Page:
If you pay attention to such things, you’ll know that yesterday, June 28, 2014, was widely remembered as the 100th anniversary of World War I’s outbreak. Technically, of course, World War I did not start on June 28, 1914. Rather, on that day, Austria-Hungary declared war on Serbia. Such a war was properly a Balkan conflict, and some historians have referred to the outbreak of war between the two countries as the Third Balkan War (to distinguish it from the first two–in 1912-1913 and 1913). The Austro-Hungarian government would have preferred a small war against Serbia instead of a big war involving all of Europe, but as almost all historians agree, Austria-Hungary was willing to risk that big war to obtain what it wanted. Of course, as we all know, that risk became a reality. Germany declared war on Russia on August 1, France on August 3, and Belgium on August 4. Britain declared war on Germany on August 4. Since most of the great European powers were also global powers as well, their participation in the conflict made it truly a world war.
This war was of great importance to the world because at that point, Europe was the center of the globe in a way that it was not before and would never be again. On the eve of the conflict, 25% of the world’s population was European (the corresponding figure today is 12%). Europe accounted for 60% of the world’s iron and steel production, 56% of the world’s coal, and 62% of the world’s exports. Europe was also the source of 83% of the world’s foreign investment. If Europe was the most important part of the global economy, London was its financial and commercial capital. At the same time, cities like Paris and Vienna were the culture capitals of the world. During a period that witnessed the high tide of European imperialism, decisions reached in London, Paris, Berlin, and Moscow reverberated across the globe; these were the capitals of the international political system. Any conflict involving the world’s political, economic, and cultural center (especially since the belligerents were evenly matched and the war dragged on for four years) was bound to have an enormous impact on the rest of the world.
Hundreds of web sites commemorating the war’s outbreak have been erected on the web, many with excellent photos, video, and documentation. It seems unfair to single out one, but One Thing after Another very much enjoyed the The Wall Street Journal‘s tribute to the war’s legacy. Although it’s not perfect, and sometimes it’s a little buggy, it does capture the multiplicity of ways in which World War I changed the world and the lives of the people who lived in it:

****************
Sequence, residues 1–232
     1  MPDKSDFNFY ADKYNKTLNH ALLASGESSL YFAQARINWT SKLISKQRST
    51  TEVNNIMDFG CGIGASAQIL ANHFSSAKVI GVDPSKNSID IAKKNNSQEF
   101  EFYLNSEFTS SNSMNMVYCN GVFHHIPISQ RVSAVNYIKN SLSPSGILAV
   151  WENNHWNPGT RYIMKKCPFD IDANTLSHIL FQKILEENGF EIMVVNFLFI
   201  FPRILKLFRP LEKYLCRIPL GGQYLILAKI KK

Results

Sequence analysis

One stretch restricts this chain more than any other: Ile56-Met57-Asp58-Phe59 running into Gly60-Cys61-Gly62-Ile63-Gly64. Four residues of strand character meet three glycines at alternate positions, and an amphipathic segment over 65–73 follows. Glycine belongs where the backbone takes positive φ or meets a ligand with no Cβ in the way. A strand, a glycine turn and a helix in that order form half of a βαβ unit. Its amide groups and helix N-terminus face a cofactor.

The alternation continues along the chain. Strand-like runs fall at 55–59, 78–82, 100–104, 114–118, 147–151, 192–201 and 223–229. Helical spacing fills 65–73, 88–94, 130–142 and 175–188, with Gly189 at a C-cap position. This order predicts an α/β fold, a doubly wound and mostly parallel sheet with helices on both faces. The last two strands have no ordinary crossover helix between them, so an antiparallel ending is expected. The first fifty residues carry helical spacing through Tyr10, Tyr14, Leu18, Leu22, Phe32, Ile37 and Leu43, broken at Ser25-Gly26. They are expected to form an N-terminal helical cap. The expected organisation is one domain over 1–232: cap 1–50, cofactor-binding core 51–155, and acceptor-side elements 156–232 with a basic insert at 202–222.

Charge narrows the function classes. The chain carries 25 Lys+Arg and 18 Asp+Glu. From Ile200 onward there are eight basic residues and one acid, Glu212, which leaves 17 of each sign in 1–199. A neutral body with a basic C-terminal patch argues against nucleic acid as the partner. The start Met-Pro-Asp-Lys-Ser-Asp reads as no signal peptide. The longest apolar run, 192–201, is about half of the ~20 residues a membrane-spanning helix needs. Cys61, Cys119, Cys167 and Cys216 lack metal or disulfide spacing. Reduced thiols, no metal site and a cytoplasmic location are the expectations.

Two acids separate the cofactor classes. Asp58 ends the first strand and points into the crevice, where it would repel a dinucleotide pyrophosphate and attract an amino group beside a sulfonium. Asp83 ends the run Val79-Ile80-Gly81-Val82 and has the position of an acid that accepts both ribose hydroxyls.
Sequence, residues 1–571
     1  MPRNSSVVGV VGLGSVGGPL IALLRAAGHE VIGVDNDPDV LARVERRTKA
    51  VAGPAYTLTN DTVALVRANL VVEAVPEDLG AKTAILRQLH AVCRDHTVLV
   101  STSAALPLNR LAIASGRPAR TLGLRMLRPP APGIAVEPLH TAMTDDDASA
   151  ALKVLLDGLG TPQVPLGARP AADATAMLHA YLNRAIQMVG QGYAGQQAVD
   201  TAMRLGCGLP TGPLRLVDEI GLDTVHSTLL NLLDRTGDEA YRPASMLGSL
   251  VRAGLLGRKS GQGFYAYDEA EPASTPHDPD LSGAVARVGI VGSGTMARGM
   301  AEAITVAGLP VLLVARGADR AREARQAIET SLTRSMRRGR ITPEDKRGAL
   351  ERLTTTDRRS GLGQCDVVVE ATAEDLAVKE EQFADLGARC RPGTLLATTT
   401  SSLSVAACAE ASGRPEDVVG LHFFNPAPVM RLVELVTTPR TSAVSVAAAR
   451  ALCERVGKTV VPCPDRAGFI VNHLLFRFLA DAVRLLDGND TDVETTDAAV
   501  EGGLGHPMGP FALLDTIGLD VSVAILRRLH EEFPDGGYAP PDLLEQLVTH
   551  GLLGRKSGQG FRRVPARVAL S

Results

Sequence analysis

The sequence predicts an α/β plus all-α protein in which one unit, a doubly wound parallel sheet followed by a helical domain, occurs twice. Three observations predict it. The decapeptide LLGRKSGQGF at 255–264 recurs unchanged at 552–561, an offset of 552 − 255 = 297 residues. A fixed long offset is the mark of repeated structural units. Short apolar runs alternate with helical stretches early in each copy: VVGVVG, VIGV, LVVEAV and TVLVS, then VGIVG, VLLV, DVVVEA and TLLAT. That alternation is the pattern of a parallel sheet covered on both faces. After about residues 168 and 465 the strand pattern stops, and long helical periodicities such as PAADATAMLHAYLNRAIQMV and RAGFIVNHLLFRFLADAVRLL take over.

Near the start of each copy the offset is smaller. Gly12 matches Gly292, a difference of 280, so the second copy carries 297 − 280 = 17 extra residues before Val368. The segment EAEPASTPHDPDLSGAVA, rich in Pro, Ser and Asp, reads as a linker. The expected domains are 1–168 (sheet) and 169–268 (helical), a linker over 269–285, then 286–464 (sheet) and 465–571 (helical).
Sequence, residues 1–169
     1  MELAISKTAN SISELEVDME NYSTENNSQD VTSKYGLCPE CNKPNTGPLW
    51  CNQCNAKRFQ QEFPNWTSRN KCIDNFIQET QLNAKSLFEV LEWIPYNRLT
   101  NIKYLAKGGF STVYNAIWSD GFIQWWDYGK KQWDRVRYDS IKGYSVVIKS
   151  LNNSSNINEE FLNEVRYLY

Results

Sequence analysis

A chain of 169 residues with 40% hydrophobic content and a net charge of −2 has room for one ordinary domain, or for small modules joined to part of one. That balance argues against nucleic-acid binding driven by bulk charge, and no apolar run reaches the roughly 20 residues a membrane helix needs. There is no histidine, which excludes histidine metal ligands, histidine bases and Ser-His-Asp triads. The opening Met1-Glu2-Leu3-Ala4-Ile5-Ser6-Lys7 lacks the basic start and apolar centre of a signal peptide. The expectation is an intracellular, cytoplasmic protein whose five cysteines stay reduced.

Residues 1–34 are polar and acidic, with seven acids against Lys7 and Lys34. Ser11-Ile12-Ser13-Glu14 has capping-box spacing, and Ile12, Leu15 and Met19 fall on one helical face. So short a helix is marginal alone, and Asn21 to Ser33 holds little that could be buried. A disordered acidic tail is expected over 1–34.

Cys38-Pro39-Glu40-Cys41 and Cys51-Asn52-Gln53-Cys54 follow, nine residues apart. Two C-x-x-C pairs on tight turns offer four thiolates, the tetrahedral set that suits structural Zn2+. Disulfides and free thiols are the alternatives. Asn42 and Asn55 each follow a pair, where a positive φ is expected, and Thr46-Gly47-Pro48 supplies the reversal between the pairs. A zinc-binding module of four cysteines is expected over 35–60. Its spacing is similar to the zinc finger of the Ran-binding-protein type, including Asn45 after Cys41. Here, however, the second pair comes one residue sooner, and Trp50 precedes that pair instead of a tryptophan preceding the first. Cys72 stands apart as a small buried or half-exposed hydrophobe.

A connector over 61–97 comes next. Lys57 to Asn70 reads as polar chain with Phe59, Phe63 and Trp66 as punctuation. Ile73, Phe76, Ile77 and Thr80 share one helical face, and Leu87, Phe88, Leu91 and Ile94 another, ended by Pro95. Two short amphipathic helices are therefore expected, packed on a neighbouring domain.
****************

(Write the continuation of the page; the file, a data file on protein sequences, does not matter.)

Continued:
If the war’s outbreak has exercised historians, its conduct has also sparked a great deal of argument. Again, it seems unfair to zero in on a couple of essays that capture the essence of this debate, but One Thing after Another noticed these two:
Adam Hochschild is the co-founder of Mother Jones and author of several popular histories, including To End All Wars: A Story of Loyalty and Rebellion, 1914–1918. David Silbey is a military historian who teaches at Cornell University. If One Thing after Another could indulge in a little reductionism, it would describe the debate between these two essays in the following terms. Hochschild presents the old lions-led-by-donkeys argument (first articulated fully by Alan Clark in The Donkeys) that sees the war as a tragedy attributable to the incompetence of military and political leadership. This thesis has exercised a strong hold on the public imagination. Silbey contemptuously refers to it as Blackadder history, after the British sitcom that had Rowan Atkinson traveling through time; the series of episodes on World War I draws heavily on this argument.
Silbey argues that those who led European forces on the Western Front during World War I were faced with difficult, almost unprecedented, military problems. That millions of men died in Northern France between 1914 and 1918–something that seems almost unthinkable to the West today–does not indicate that the military leadership was incompetent. Rather, it indicates that armies found circumstances incredibly difficult, especially since the most recent European wars (particularly the Wars of German Unification and the Russo-Japanese War) provided very little in the way of useful or relevant precedents.
One Thing after Another is bound to say that scholars of World War I tend to side with Silbey on this matter rather than Hochschild. This debate between the two is important, because it points to the discrepancy that often persists between what professional historians write about the past and what the public remembers. But that’s a discussion for another day. For now, it suffices to contemplate World War I’s enormous impact on both nations and individuals. The blog master will pause to remember two great-great uncles who died during the war, one, a newlywed killed in action during the Battle of the Marne (1914), and the other, an adjutant chef (equivalent of a staff sergeant), who threw himself on a grenade to save his comrades during a training accident (1916).